“Why do you like textiles so much?” I asked Manjusha. She was captivated by a black sari with pink diamond shaped embroidery; running her fingers up and down the pattern. Sashiko is a form of decorative reinforcing stitching from Japan.
“It’s visual logic.” She said. “And so tactile at the same time.” This pattern was a geometric variant of sashiko; with the cross section of a warp and weft thread forming an individual squared point. Like a pixel, I thought. I had studied the basics of computer programming in high school; iterative structures, and lines of code outputting similar patterns. In coding, if there is an error in logic, you have to scan each line, scrutinize each semi colon, and print out every step to see where you went wrong. But weaving is material; what you do is what you see and what you see is what you do.
“I suppose you can say it’s easier to debug,” she said, pulling out a photograph on her phone, a picture of half finished embroidery on British tweed.
“Look. a b a a b.” She pointed out the rhythm between the stitches and the blank spaces. “I go in vertical lines, and then I stitch it again horizontally.”
What Manjusha was describing was a simple explanation of the way a loom worked.
There are two parts to a loom; the weft and the warp. The weft is the horizontal threads and the warp is the vertical threads, and it is the weft which is woven into the warp. The rhythm of the warp subsumes the rhythm of the weft; it is within the pattern of the vertical threads that the horizontal threads work.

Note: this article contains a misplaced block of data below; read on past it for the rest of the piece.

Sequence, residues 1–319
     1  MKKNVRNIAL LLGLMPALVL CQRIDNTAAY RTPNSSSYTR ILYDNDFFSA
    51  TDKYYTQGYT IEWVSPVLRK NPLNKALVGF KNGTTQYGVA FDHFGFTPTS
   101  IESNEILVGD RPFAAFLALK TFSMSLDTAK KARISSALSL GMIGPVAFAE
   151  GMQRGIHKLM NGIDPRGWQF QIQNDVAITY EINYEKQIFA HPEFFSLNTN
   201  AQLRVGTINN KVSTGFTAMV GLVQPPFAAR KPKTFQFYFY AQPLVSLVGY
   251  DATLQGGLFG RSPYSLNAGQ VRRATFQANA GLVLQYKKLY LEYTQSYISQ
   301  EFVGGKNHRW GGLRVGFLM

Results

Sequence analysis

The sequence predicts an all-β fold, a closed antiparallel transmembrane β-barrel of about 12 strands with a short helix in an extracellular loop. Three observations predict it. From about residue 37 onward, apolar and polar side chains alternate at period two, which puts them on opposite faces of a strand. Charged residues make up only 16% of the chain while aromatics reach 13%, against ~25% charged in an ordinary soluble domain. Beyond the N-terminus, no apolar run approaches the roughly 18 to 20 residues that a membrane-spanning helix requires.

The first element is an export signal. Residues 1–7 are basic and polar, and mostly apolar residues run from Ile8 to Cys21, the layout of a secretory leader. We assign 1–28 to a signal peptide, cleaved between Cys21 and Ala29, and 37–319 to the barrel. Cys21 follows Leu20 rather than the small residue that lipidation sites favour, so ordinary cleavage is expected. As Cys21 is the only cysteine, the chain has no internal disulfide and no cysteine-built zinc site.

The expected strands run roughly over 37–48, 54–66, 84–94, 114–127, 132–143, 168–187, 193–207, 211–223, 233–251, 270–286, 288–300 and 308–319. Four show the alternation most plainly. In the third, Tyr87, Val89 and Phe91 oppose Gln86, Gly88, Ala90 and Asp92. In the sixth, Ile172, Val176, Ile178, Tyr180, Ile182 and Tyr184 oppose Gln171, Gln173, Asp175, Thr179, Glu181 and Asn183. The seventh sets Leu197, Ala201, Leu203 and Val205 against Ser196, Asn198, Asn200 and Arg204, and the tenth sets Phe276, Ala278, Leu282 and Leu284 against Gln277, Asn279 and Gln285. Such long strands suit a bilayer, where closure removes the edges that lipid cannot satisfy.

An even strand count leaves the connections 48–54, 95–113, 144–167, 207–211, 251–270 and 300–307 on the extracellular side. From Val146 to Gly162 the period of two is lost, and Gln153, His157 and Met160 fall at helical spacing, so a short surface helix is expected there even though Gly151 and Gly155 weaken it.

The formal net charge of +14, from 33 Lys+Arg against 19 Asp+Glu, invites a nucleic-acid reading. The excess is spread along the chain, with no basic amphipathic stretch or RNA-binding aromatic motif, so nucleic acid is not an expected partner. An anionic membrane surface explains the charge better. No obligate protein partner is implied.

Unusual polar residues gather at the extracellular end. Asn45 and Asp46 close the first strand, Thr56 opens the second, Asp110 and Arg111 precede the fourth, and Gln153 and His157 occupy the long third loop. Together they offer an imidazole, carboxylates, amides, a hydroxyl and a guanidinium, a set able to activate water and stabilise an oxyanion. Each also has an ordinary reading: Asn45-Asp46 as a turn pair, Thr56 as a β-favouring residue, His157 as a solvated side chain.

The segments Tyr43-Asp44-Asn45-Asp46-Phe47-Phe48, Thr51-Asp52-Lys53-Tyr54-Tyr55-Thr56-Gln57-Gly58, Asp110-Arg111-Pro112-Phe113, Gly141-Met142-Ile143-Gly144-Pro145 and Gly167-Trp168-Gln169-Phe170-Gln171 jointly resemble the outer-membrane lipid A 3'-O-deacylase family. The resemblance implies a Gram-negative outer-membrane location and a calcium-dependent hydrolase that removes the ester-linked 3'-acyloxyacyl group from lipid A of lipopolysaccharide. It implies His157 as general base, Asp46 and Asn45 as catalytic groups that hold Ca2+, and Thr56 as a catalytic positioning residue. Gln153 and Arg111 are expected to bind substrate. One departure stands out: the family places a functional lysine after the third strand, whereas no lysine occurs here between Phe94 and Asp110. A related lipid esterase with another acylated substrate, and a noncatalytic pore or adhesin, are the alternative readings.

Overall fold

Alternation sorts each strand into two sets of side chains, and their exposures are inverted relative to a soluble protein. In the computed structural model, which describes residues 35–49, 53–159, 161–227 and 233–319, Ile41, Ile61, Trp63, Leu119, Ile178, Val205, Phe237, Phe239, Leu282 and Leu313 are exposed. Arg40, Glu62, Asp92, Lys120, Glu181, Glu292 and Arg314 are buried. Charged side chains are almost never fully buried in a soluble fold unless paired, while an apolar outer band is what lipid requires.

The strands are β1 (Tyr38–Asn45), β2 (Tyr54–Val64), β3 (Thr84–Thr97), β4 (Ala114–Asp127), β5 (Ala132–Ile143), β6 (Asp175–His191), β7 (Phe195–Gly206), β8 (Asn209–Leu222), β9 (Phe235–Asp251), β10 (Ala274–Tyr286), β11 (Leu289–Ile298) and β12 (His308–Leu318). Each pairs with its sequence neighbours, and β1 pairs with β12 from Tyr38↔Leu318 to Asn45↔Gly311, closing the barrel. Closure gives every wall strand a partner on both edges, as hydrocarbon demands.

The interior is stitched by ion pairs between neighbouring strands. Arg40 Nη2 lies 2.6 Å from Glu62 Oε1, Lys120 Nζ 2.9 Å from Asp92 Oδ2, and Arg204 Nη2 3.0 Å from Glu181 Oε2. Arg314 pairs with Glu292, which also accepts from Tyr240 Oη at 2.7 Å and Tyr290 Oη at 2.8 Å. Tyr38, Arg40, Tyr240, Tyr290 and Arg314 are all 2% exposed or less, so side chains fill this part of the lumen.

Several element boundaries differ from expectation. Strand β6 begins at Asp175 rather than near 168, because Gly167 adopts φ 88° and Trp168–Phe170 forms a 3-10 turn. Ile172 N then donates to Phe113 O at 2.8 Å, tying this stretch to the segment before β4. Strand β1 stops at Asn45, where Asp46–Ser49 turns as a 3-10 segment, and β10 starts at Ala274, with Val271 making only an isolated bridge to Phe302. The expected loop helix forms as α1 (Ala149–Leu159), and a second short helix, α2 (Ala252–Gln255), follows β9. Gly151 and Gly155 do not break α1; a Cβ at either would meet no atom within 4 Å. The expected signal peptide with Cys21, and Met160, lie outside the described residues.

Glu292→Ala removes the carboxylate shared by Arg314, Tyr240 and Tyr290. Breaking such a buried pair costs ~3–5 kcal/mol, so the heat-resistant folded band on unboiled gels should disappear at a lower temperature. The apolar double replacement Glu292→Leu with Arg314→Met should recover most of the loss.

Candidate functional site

Like a nested for loop, I began to think. I had been introduced to the for loop in school, and one of our first assignments was to use it to create triangles and pyramids through an arrangement of stars. There also, there were two main variables, with the loop controlling the horizontal pattern working within the confines of the vertical pattern. I began to wonder if a for loop was a mathematical representation of a weave. Whether the beginning of coding had its threads (excuse the pun) entangled within ancient looms.
“This is made on a pit loom,” explained the lady at the Gujarati textile stall. “The pedals are in a pit dug into the earth, and it leaves the hands free to work on the weft.” The kurtas and stoles are created in the tangalia style, where geometrics – mostly variations of diamonds and triangles- are created through dots. Each dot is white thread wound around an individual strand and then cut off, so that it becomes embedded in the weave. She brought out a photo album with glossy, film encased pages describing how the textiles are created. We asked her what would happen if a mistake was made, because this didn’t look like a weave or a knit that could be unpicked; it didn’t even look like a weave because each dot extended only over a single pixel.
She flipped it over and pointed out the underside of the cloth, confirming that it truly was a weave. “Well, we try not to make mistakes. “ She said. “It’s really difficult to fix. “ This is the debug quality of textile; a system.out.print()function after every step, ensuring that you have to mend your error if you want to proceed. Phulkari, the embroidery style from Punjab, is known for its precision because each thread is counted; and the strands are fine, as fine as spider web. The cloth formed is known as malka; a combination of cotton and muslin, and it keeps its tension because it is taken directly from refining to spinning; it is not wound into bales.
“You can take my card.” She told us, handing us a white rectangle. “We’re really trying very hard to revive the art, and if you’re interested then we can even come to your college and hold a workshop or something.”